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4. Q: Can military personnel claim a religious exemption? CPT RS, February 2005

A: Military regulations provide for medical and administrative exemptions, the latter of which includes religious exemptions. Military religious exemptions are discretionary, and can be withdrawn if the mission is deemed to require it. There is a specific procedure set out in the regulations, with some branch-specific variations. These will require stating in writing the specific beliefs that are in opposition to the requirements. Since such statements have potential pitfalls--things one might say or neglect to say that could undermine the exemption application--it may be wise to consult an attorney experienced with this to maximize your chances for success. See also the exemption page on this site.


3. Q: We don’t have specific religious reasons for not vaccinating – can we still claim an exemption to vaccines? MG, February 2005

A: Depending on where you live and the specific wording of your state’s vaccine religious exemption statutes and regulations, personal religious beliefs may qualify. The U.S. Supreme Court has defined ‘religion’ in rather broad terms for legal purposes, and federal courts have applied that definition to vaccine religious exemptions specifically. My e-book explains how, if and when federal legal precedent applies to individual situations; or, consider scheduling a consultation.

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2. Q: Is it constitutional for a state’s religious exemption law to require membership in an organized religion with tenets in opposition to the immunization requirements? JD, July 2004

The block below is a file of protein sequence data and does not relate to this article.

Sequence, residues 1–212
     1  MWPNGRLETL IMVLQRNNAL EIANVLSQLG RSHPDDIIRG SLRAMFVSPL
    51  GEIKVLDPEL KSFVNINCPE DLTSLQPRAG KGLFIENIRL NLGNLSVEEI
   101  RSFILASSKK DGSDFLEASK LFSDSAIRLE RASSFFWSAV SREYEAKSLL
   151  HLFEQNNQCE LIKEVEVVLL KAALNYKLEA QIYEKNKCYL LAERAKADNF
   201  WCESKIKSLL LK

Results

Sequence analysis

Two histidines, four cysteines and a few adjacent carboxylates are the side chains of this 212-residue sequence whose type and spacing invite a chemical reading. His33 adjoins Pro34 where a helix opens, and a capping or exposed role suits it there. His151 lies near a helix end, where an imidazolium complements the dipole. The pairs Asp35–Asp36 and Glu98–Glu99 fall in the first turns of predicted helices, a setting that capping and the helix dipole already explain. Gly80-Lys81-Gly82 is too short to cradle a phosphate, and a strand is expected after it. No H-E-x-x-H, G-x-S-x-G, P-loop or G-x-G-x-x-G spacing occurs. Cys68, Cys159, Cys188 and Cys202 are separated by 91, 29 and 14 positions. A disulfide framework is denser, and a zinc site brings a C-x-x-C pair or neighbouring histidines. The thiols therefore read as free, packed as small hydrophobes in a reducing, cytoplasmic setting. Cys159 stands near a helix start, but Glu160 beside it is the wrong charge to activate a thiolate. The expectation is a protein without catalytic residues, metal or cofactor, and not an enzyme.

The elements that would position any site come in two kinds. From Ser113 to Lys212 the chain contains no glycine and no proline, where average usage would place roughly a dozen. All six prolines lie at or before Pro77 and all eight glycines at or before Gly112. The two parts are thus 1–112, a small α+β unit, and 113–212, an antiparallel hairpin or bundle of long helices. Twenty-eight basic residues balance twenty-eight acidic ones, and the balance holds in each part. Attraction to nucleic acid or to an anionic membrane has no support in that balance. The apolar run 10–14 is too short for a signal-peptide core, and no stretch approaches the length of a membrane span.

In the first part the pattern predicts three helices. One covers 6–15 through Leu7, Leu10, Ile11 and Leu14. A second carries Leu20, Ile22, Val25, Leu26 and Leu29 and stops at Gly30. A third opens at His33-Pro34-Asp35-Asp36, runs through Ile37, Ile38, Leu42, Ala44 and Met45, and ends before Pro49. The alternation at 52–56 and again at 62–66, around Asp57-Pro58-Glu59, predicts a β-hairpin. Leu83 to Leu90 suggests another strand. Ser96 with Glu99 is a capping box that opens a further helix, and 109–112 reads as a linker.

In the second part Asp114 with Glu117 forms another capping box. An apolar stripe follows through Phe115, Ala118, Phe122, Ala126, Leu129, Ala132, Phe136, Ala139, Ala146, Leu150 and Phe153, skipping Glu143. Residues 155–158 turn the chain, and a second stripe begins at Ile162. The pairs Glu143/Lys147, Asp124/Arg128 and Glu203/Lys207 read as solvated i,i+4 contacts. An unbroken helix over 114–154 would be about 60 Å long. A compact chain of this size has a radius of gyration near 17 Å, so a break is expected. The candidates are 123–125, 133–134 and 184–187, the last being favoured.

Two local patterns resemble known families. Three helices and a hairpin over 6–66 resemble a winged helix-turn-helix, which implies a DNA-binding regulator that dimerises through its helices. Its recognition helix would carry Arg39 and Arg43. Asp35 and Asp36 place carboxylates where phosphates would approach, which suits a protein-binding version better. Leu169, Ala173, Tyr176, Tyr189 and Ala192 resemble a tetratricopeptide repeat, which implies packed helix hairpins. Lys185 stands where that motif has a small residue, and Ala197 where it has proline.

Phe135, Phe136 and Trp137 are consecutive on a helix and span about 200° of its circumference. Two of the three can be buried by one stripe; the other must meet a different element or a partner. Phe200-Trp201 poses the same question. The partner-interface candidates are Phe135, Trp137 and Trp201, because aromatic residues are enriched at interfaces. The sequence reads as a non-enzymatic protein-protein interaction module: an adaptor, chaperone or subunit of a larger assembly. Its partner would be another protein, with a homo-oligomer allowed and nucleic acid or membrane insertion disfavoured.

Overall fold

A: Technically, any state law is “good law” (i.e., enforceable) unless and until it is challenged and deemed unconstitutional by a state appellate or federal court, or is repealed or stricken. However, laws in at least five different states that required such membership have been held to be unconstitutional, so there is a compelling argument that such laws still on the books in other states shouldn’t be enforced (as technically, they are Constitutional until a court actually rules otherwise; but practically, these laws would very likely be declared unconstitutional if they were challenged). The problem is, local officials are obligated to enforce current law, and the “compelling argument” is only that—an argument—for what the law should be--not what the law is now. It may be possible to exercise an exemption in states with such laws even if you aren't a member of such an organized religion, but there's no guarantee.


1. Q: What information and details do I need in a religious exemption letter? Mrs. J., June 2004

A: Requirements vary from state to state, and are spelled out in each state’s statutes and administrative regulations. Consult these codes first. If your state requires a letter, include all of what those codes require, and nothing more. See the links state laws on this site for more information. Consider purchasing my e-book or scheduling a consultation for more in-depth information about your rights.

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Alan Phillips, Attorney at Lawattorney@vaccinerights.com, 828-575-2622
 
© January 2010